I was teaching my kung fu class the other day working with one of the students. He was having a difficult time with one of the movements I’d shown him a few weeks earlier. He just wasn’t getting it. I told him to just move naturally. “You can tell when you’re moving correctly,” I told him, “It just feels right. It’s totally natural. When you feel off balance, when you feel awkward, it’s a sign you’re doing it wrong.” As children, we move naturally, and then, somehow, we forget how to move, how to breathe. And then I asked him if he practiced every day. He answered that he did not. I told him that in order to make progress, daily practice is necessary.

It’s almost as if the student expected there was some little trick I could give him, something I could say, that would make the movement come out right. My students in elementary school were like that too. They would ask for help, but what they really wanted was for someone to do the work for them. That was their definition of help. The truth is, a lot of parents seem to think that too. When their kids ask for help with their science fair projects, the parents make the project themselves, while their children watch.

My own kids were like that, especially as they got older. They would get themselves into some kind of jam, and then ask me to come in, like the hand of God, and get them out of trouble by paying the bills, or by doing whatever it was they needed doing. But they sure as hell weren’t hoping for me to help them out by telling them what they needed to do to help themselves. I guess we’re all a little that way.

Many people send their prayers up to God, or whatever you want to call that creative force in the universe, expecting God to come through with some sort of miracle to fix things. We look at the world and how messed up it is and pray that God will fix things. Dear Lord, let this cup pass away from us. But that isn’t the way it works.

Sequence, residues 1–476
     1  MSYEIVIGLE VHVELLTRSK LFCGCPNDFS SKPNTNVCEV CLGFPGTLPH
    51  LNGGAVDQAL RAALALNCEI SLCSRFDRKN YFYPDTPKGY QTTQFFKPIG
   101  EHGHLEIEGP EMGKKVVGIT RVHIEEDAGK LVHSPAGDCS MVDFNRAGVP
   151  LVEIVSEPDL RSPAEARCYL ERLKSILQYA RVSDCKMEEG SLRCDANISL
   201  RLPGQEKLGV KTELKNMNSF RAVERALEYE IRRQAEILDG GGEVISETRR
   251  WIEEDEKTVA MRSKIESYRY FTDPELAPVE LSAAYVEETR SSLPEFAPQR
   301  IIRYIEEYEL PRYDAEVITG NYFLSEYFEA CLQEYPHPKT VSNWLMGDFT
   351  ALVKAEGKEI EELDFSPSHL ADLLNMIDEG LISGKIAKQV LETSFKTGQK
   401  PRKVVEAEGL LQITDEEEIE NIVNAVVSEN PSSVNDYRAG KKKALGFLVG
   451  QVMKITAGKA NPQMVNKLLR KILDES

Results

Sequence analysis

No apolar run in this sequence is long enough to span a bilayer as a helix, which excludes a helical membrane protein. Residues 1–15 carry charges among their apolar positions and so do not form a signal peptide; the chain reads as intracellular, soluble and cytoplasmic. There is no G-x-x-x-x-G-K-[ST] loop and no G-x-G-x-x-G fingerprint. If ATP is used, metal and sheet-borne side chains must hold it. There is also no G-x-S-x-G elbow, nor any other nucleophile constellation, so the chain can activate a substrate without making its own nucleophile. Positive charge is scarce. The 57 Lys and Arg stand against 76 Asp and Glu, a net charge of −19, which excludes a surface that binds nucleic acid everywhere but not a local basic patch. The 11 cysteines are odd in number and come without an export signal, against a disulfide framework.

My own parents inadvertently taught me that lesson. When my sons were little, we needed help with babysitting. My parents offered to help us out and we gladly accepted. For several months, we dropped the kids off with them and then went to work. Then, one day, just before we were about to drop the kids off, they announced they wouldn’t be doing that anymore. We had to scramble to find childcare that day and for the future. Boy, were we pissed! It wasn’t easy, but we solved our problem. And we learned a valuable lesson. We learned to take care of ourselves. We learned not to depend on others swooping in to save us. It’s great when you receive help from outside, but you can’t depend upon it.

Jesus tells us in the fifth chapter of Matthew: “You are the salt of the land, but if the salt had lost its taste, in what will it become salty? It is good for nothing, except to be thrown out to be tread down by human beings. You are the light of the world. A city setting upon a mountain is not able to be concealed, neither do they light a candle and set it under the bushel, but upon the candlestick, and it beams brightly to all the ones in the house. So let your light shine radiantly before the people that they might see your good works and might give glory to your Father who is in heaven.” (Matthew, Chapter 5)

This is a continuation of the Sermon on the Mount. Jesus is talking to his followers. Up to that time, the children of Israel had been looking to God to send them somebody to free them from the Romans and make everything okay, in much the same way that people pray for Jesus to come and fix everything today. But Jesus tells us that WE are the salt of the earth.